Simplify the Payment Process

The single most effective step you can take to speed up customer remittances is to allow payment by credit card or electronic check. If you’re currently only accepting paper checks, you already know what problems that option can create, like mailing time, trips to the bank, and insufficient funds.

To establish this capability, you’ll have to sign up for a merchant account that will connect your bank to the financial institutions used by your customers. There are fees associated with this, and the initial setup will be unfamiliar to you. We can help with this.

Once you sign up for a merchant account, you’ll be able to accept payments from customers by credit card and bank transfer.

Having a merchant account will accelerate your receivables and improve your company’s cash flow, but it has other benefits, too. For example:

  • Your customers will appreciate the convenience, and may even be more likely to make a purchase.
  • In 2019, customers and prospects expect to be able to pay for items and services electronically. Not allowing this affects their perception of you as a forward-thinking, progressive business.
  • You’ll save time, which translates to money. Instead of chasing payments, you can be working on ways to meet your goals and help your company grow.

Always Know Where You Stand

If you’re conscientious about keeping your records and transactions updated, you’ll always have access to the most current data about your company’s financial status. You’ll be able to answer questions from customers and vendors quickly and accurately, and your daily accounting tasks will be much easier to accomplish.

There’s another benefit, though: reports. One of the five best things about QuickBooks is its ability to create dozens of reports using pre-formatted templates. You only have to choose the one you want to see, and the software will display it using your company’s data. You also have the option to customize these reports extensively, so they contain the exact cross-section of data that you want to see.

QuickBooks contains dozens of templates for pre-formatted reports that you can customize and create very quickly.

You can see in the image above that several of QuickBooks’ reports are focused specifically on the status of your customers’ invoices and payments. We strongly recommend that you run these reports regularly. The more you know about who is behind and by how much, the more targeted your collections efforts will be.

You’ll also notice that there’s a category of reports called Accountant and Taxes. You can certainly create these yourself, but some, like Trial Balance, will be unfamiliar to you. There are others listed under Company & Financial that are quite complex, but quite important. We’d be happy to analyze these for you on a regular basis (monthly or quarterly) and provide insight that will help you make better business decisions.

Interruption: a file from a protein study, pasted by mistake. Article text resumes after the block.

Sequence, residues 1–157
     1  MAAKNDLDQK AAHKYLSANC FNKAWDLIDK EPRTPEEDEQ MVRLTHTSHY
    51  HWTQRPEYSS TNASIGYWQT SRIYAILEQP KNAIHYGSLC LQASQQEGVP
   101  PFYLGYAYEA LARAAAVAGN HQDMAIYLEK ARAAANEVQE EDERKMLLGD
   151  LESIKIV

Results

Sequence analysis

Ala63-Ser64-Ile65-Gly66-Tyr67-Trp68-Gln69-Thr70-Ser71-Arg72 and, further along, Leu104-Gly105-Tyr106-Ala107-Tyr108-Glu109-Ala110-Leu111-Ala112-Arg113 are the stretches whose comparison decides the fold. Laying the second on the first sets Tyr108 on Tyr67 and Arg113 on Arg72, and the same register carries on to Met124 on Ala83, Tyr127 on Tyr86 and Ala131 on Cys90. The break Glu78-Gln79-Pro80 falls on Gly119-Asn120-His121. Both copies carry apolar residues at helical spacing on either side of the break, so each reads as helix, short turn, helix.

Remind Late Payers

There are all kinds of reasons why customers pay invoices late. Their bills may have been lost in the mail. They may have ordered so much that they’re confused about which invoices haven’t been paid. And they may just be low on funds.

You can’t do much about the latter reason, but QuickBooks provides a way for you to update customers about their past due payments: statements.

Sometimes, customers just need a full accounting of what they owe in the form of a statement.

It’s not difficult to follow QuickBooks’ customization options for statements, but we’re here to help if you run into difficulties. In fact, we’d be happy to sit down with you and talk about these as well as other options for improving your company’s cash flow. It’s a multi-faceted problem with many solutions; we can go over the options with you. Contact us now to work on making the rest of 2019 more profitable.

How Do You Track Jobs in QuickBooks?

Once you have recorded the items and jobs into QuickBooks, you can start using them in transactions, and eventually track your progress by generating reports.

Let’s say you worked eight hours on website development for your promotion job. You’d open the Employees menu and select Enter Time | Time/Enter Single Activity to open this window:

You can enter individual, billable activities and assign them to jobs.

In the example above, you’re limited to recording one day’s work on a specific SERVICE ITEM. You’d verify the date and select from the drop-down lists to complete the fields for employee NAME, CUSTOMER: JOB, and SERVICE ITEM. You can either use the timer to time the job or enter the number of hours manually in the DURATION box. Click in the Billable box to create a checkmark and add NOTES if you’d like. The CLASS field is optional; talk to us if you’re not familiar with this feature.